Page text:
Our decision to upgrade from the Paleozoic cell phones we had previously owned to the iPhone a few years back, shortly after the arrival of the 3GS, seemed like a no brainer, but there was some trepidation. The iPhone’s screen was at once a major advantage over any other smart phone and a major concern.
I thought, “There is no way I’m not going to shatter that thing within the first week,” but a case that included a protective cover over the screen that I could still navigate the touch screen through quelled my concerns. My anxiety was wrapped in a blanket of assurance much the way my iPhone was surround by a bulky, hard, clear, plastic shell and I wielded my protected mobile device with reckless abandon. Within a matter of days, I was absolutely addicted and wondered how I had ever survived without an iPhone and, more importantly, the ability to instantly play an online word games against complete strangers.
The tables had been turned. All those who had made me wait for service were left waiting for me to finish my round of Angry Birds. I felt empowered, invincible even. I was the kid who stays next to glue during the game of tag and constantly taunts “it” just to leap back to nearby safety. I felt nothing could hurt me.
This annoying (to everyone else, I’m sure) sense of security went on for a few years. I was the first to whip my phone from my pocket to look up the answer to the most meaningless trivia questions as if no one else possessed the handheld Google-accessing database I so relied upon. My fingers typed furiously, devoid of the fear of dropping my lifeline to the barroom floor and breaking it. I would thrust the screen into my friends’ faces so they could see the answer I had triumphantly Wikipedia-ed (new verb, I call dibs) for themselves.
My nights of sleep were amazingly more fulfilling as I never let my head hit the pillow without the definitive answer to who it was that had played that one role in that 80s movie.
The answer is James Spader. Uninterrupted sleep, here I come.
I had only two problems with my case. First, I needed to remove it to place the iPhone on my favorite dock/speaker unit. Not a big deal as this is the case with most cases. The second and far more disturbing problem was the proclivity my iPhone case had for collecting flecks of dead skin beneath its screen cover, particularly in the area where the small slit existed for the earpiece.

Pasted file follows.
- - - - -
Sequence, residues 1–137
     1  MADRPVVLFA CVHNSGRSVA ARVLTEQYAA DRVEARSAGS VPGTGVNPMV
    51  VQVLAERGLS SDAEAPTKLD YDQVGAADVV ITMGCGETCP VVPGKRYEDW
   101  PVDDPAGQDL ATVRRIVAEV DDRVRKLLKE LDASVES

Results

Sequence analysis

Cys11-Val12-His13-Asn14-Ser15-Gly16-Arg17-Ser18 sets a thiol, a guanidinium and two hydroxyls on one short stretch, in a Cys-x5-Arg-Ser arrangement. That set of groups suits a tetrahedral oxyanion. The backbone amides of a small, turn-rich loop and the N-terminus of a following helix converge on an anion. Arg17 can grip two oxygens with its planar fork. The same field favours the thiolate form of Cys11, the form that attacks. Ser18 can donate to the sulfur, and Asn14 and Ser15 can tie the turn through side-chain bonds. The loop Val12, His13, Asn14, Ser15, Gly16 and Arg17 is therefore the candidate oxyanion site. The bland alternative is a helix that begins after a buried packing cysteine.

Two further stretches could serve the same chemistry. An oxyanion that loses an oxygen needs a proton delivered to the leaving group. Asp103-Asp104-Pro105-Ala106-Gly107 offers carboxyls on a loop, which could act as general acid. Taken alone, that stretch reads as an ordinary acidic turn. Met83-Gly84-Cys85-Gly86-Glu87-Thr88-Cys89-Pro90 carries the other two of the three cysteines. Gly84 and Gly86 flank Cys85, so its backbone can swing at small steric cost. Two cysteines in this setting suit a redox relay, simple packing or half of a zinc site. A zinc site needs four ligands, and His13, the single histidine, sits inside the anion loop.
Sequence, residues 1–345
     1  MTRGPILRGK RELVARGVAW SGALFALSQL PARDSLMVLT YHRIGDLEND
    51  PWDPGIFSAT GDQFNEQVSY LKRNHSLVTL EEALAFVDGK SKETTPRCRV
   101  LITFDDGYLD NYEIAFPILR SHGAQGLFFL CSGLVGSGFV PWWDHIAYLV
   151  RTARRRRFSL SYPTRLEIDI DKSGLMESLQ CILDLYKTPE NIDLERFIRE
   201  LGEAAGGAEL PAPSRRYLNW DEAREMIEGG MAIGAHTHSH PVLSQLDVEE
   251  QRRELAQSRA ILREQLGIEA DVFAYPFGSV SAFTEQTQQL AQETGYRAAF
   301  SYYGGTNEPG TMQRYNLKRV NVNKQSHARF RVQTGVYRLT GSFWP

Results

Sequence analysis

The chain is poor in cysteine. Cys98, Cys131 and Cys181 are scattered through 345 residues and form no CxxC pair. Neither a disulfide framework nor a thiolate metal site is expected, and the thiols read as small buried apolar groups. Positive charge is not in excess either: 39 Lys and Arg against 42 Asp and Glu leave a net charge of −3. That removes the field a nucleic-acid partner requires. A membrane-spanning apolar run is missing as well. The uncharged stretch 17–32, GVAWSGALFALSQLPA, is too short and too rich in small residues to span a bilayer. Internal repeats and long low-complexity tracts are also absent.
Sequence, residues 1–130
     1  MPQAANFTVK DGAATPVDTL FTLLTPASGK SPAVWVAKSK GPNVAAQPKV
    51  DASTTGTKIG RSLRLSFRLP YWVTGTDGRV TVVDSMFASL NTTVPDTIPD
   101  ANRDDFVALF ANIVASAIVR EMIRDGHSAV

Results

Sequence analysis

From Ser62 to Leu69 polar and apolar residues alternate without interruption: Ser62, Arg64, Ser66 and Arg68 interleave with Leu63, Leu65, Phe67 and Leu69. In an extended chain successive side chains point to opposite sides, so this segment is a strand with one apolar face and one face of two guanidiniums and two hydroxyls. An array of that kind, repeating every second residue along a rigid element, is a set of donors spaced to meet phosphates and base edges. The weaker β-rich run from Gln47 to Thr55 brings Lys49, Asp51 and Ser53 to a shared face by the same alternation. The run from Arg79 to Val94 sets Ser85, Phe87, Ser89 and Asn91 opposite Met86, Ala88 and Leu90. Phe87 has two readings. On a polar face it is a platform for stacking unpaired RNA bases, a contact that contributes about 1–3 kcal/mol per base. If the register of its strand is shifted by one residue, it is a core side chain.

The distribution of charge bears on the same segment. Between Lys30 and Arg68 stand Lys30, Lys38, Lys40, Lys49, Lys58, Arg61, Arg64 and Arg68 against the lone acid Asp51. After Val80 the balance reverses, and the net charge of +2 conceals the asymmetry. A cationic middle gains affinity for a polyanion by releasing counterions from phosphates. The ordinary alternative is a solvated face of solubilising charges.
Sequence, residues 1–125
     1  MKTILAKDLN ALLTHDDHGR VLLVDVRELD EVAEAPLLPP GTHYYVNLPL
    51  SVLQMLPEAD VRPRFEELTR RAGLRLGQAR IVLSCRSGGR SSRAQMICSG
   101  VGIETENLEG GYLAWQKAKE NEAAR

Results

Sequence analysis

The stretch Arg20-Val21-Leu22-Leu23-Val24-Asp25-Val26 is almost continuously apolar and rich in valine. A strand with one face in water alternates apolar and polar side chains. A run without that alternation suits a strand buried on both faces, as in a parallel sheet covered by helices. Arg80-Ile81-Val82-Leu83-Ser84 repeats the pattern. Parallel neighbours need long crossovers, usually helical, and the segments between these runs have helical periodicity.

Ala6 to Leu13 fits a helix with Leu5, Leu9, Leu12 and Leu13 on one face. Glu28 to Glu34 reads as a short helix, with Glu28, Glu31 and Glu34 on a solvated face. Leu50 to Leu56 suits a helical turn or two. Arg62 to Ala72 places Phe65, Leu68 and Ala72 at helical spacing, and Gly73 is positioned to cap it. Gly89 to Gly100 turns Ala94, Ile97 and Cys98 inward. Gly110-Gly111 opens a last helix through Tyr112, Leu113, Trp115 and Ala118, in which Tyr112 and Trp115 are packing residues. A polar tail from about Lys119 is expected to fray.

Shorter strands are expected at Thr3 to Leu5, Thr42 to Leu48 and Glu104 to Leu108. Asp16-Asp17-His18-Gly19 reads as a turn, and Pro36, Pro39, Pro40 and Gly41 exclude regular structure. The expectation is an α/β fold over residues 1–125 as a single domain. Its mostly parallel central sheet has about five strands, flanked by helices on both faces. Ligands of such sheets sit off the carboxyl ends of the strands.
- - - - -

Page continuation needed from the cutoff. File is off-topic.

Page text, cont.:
One should never be made to realize at how rapid a rate their skin naturally replenishes itself. It’s gross. It was the first time I had been so concerned with how often I was exfoliating.
One day, after having removed the case and docked my phone in order to play music while showering, I hesitated to place the case back onto the phone, having noticed a few too many skin particles. I decided, fatefully, that I could go a few days without the case and that I would replace it later after having thoroughly cleaned and disinfected it.
A few days became two weeks as I cringed at the grotesque display of my natural body functions before me on the bathroom counter. My wife apparently had a similar reaction as she banished the horrifically ashy plastic case to a drawer where it was soon forgotten (Note: that was the part where I passive-aggressively blame her for the terrible events that are to come).
Weeks became months and the new, sleeker iPhone I now kept tucked away in my pocket was preferred to the old one with the bulky, gross, skin-collecting case around it. I still felt invincible, like Han Solo, certain he was about to out-maneuver the Imperial Star Destroyers immediately prior to realizing he was unable to make the jump to light speed.
And then it happened. While multitasking (meaning tucking the iPhone between my shoulder and the side of my face so that I didn’t have to put down my beer) my phone slipped from its place and landed, caseless, on the concrete floor of my garage. When I picked it up to console it, the upper third of the screen had shattered into a spider web of cracked glass.
My sons stopped playing in the yard and took note of all the words I spewed whose meanings they would have to try and look up later. I was furious with myself and, completely unjustifiably, with my wife for having dared to call me on the phone when she should have known I would need to keep my hands free.
Within minutes, the old case was dug out from the drawer, cleaned off and placed back on the phone. This time, however, it was to keep the cracked glass in place. I now walk about the polar opposite of my old self. I hesitate to pull out my iPhone and allow anyone to see its sad state of disrepair.
The moral of the story? Pay more attention to the release dates on new Apple products. I thought the iPhone 5’s release was imminent and was eager to trump my wife’s iPhone 4, using the exact same method she did for having her older version replaced, dropping and breaking her 3GS. Now I have to walk around with a cracked screen until Apple gets off its ass.